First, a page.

We’ve all been there – heads-up against a far-superior opponent. You sweat, you second-guess, and (nine times out of ten) you make the wrong move.

I can’t think of a tougher situation than facing down an opponent who’s better than you. It’s true in any sport or hobby. Playing a round of golf with your buddy just isn’t as much fun when your buddy has a single-digit handicap.

Things get even stickier when you’re the worst player at the table. When you’re staring down seven players that are better than you, intimidation is the least of your worries. You’ll find yourself playing afraid. You’ll be aggressive at the wrong times, if at all. It’s a nightmare.

Unfortunately, it’s a necessary nightmare. We all started somewhere, and for most of us it was at the bottom.

To Play or Not to Play?

Your first decision when you find yourself the worst player at the table – are you going to stick around? It may not be profitable to stay in. No one would blame you for bowing out and finding easier competition. In fact, I’d recommend doing just that in some cases. Total novice players should always leave the table rather than play heads-up against fiercer opposition.

But I think there’s also value in sticking it out and playing. For starters, there’s a good chance that you’ll rise to the level of your competition. When you’ve got a table full of players with more experience and a stronger skill set, you’ve basically got a table full of teachers. Another reason you might consider sticking around is to test the waters before you move up stakes.

The most important reason at all for sticking in against a tough field – you can win.

I’ve been the worst player at the table more often than not, and yet I still win enough to keep my bankroll in the black and I love the game of poker. If I’d spent the last decade getting creamed and losing money left and right, I might sing a different tune.

The tips below will help you overcome the other player’s abilities and (believe it or not) win poker games against better players.

Tighten up

The easiest way to prevent poor play due to fear is to tighten up your range, especially out of position. You’re not going to win any popularity contests by playing this way, but you’re going to have to step on some toes to beat better players. Starting hand selection is always important, even more so when you’re trying to keep your wits about you. Stick to strong hands and strong draws.

Pay attention to flop texture

Once you’ve got your cards in your hand, you can expect one of nearly 20,000 possible flops. Creating and memorizing that many strategic possibilities is humanly impossible, so poker players categorize flops and respond to the “texture” of the flop rather than the specific card combinations. You can find dozens of different ways of gauging and responding to flop texture online – the one you choose doesn’t matter so long as it gives you a good sense of the composition of the board.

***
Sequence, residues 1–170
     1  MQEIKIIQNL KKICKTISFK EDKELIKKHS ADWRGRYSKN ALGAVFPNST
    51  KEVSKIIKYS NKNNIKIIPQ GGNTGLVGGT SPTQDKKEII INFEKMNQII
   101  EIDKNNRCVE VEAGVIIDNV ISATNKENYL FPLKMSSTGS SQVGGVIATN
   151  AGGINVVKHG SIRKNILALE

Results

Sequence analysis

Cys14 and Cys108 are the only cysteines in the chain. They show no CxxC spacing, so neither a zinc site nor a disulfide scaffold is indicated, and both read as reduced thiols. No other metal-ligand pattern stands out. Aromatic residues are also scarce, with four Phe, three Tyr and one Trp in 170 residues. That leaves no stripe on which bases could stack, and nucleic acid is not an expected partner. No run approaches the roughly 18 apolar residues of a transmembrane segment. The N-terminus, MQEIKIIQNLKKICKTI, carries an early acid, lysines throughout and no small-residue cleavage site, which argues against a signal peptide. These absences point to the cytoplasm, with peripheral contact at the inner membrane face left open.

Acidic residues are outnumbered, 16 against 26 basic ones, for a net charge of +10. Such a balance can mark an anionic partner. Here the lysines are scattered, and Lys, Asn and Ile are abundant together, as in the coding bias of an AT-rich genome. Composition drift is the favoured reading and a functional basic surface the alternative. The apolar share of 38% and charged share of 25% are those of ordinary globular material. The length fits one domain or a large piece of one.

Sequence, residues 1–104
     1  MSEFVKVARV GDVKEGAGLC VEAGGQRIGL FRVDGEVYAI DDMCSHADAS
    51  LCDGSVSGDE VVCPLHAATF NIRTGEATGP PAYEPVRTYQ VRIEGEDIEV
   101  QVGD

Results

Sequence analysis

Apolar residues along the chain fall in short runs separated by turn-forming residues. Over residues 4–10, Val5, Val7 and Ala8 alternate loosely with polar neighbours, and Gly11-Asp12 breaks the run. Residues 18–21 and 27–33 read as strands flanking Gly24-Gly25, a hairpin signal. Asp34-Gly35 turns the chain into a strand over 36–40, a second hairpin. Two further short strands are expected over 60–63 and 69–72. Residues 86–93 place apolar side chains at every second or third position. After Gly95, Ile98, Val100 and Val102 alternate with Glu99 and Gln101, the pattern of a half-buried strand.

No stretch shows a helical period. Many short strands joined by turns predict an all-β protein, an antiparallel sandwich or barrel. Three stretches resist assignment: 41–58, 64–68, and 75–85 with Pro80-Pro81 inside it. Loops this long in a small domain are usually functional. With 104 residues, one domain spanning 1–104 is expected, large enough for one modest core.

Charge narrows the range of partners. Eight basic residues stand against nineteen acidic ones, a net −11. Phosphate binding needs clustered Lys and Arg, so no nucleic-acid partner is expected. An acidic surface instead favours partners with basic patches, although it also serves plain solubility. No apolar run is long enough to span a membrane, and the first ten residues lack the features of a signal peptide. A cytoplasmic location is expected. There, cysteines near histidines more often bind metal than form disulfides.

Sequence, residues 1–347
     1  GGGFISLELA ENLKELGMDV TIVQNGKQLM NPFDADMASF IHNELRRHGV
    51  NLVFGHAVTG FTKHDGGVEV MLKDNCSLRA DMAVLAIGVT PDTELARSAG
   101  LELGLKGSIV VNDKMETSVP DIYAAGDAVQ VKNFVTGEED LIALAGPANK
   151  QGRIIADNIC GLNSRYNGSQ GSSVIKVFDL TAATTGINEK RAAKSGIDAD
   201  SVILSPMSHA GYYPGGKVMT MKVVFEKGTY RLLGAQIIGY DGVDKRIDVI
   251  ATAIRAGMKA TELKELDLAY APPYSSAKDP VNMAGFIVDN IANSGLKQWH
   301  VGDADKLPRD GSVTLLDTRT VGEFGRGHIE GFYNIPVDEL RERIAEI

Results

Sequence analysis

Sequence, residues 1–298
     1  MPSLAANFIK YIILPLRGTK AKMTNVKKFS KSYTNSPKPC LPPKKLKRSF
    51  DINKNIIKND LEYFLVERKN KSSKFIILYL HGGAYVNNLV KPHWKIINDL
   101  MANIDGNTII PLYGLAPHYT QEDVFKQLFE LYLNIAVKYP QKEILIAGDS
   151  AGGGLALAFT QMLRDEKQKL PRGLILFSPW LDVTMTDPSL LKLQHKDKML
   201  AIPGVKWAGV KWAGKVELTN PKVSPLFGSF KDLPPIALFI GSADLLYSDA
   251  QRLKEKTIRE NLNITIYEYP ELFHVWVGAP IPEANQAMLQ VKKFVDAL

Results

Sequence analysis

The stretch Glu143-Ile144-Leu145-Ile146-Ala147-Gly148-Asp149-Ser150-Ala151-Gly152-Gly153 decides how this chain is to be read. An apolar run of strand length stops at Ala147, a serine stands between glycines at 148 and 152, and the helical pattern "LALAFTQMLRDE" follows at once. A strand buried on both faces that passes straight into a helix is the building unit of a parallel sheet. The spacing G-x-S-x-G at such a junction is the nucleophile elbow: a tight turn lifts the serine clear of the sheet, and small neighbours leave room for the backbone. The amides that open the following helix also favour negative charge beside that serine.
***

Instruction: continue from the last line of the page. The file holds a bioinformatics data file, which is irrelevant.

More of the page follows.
Disguise your hand’s strength

Some folks call this “information hiding.” It’s a good tactic against a certain kind of advanced player, but isn’t usually recommended as a cure-all. In a situation where you’re literally the worst player at the table, I think disguising strong hands makes a ton of sense. For example, instead of raising with a strong hand, check-raise your opponents until they figure out you’re not giving anything away. If you think you have the skill, you could also consider a re-raise bluff significant enough to force folds, just to get them off your trail.

Let your opponent do the betting

Play into the notion that your opponents are way better than you – let them take the lead in bets. This really only works if you have a strong hand. If you do, don’t try to blow them off their hand. Let them bluff, or keep throwing chips in the pot. If your hand is strong enough, all they’re doing is raising in your place. As an added bonus, this is a great way to disguise hand strength, too.


Do I tell every poker player I know to stick it out against an entire table of better players? Of course not – and I don’t think you should stick around in every circumstance, either. But there is a big pay-off to be earned by doing so. It’s all about observing the play of your opponents, whether they’re better than you or not, and deciding if the methods above will work in your favor. If you stick around, you may lose a couple of bucks and gain an excellent education. If that trade-off is worth it to you, I highly recommend you give it a try.

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